- Articling Student Education Conference on client interviewing practices
- Duty Counsel Conference on Bail Issues
- Consent and Capacity Board training
- Continuum of criminal law services training
- Lunch and learn on advocacy as a member of a visible minority or racialized group
4. Activity trends
4.1 Work load
At the beginning of fiscal 2017/18, there were 509 open client files carried by senior counsel. This includes both full‑representation of the client up to trial, as well as partial services. Each senior counsel’s baseline caseload was between 30 to 35 open files per lawyer, depending on file complexity. This compares to 29 to 36 the year before.
Caseloads show that mental health clients continue to comprise the majority of those served by the program, with 64% of total client base in 2018, as was the case in 2017. Similarly, senior counsel reported an increase in the number of racialized clients served. From April 2017 to March 2018 the senior counsel program maintained a monthly average of 1,776 file work hours, or 137 file work hours per lawyer. The senior counsel program represents clients with matters proceeding at all levels of Ontario’s courts. On average, approximately 92% of senior counsel files are matters proceeding at the Ontario Court of Justice. Superior Court of Justice files account for approximately 8% of files carried in a given month.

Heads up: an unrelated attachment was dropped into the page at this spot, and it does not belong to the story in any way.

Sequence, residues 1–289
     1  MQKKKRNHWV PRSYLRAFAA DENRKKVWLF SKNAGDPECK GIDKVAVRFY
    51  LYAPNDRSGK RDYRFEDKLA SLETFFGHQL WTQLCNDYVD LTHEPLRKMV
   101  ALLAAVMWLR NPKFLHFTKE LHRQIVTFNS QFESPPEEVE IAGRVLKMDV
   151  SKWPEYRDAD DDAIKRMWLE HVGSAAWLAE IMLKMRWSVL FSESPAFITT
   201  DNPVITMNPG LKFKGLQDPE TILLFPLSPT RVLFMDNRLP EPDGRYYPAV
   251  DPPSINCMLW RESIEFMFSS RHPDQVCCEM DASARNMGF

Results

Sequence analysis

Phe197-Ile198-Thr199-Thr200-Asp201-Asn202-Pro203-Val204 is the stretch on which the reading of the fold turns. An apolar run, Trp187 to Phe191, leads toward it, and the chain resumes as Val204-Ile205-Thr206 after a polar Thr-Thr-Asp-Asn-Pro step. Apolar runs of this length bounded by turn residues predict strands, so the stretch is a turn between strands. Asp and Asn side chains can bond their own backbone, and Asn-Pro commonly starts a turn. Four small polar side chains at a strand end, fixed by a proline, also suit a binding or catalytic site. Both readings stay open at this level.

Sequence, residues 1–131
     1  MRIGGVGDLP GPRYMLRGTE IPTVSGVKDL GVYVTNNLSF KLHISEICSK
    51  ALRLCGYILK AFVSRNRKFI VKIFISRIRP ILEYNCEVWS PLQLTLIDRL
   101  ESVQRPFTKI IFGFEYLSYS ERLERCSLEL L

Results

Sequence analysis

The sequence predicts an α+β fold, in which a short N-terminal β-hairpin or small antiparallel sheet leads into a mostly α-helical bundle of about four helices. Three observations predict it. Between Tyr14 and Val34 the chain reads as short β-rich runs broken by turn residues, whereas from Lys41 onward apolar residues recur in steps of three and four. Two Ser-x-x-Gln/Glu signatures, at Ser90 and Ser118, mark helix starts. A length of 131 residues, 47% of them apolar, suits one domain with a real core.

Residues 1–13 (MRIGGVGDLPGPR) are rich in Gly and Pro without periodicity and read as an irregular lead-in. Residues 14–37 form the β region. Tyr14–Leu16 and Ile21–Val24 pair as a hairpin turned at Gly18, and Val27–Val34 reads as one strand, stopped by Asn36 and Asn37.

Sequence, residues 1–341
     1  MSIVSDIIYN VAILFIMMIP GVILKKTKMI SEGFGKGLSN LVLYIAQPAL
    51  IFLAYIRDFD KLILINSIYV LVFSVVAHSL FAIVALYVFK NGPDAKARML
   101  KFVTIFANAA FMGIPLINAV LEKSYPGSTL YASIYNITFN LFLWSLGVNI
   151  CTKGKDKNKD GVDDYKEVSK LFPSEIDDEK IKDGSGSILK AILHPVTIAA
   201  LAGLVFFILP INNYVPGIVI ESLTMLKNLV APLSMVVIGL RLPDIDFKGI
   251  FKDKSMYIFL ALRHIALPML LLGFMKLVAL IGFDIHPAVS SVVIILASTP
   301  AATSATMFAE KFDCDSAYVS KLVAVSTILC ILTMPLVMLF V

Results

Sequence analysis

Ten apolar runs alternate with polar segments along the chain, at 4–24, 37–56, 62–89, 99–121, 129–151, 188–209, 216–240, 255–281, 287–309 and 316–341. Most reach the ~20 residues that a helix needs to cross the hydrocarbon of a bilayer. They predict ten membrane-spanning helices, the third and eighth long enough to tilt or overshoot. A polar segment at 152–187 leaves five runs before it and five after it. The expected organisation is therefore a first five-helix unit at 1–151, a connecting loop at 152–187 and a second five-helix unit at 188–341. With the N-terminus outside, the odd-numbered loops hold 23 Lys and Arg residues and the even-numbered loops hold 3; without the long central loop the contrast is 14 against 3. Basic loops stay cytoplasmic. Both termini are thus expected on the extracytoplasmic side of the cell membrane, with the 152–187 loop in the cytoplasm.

Senior counsel are integrated into each district’s services. This means that the program receives referrals from local services and providers, including duty counsel, community agencies, the judiciary, and the private bar. In 2017/18, the senior counsel program received 811 referrals and accepted 84% of those.
4.3 Trials and resolutions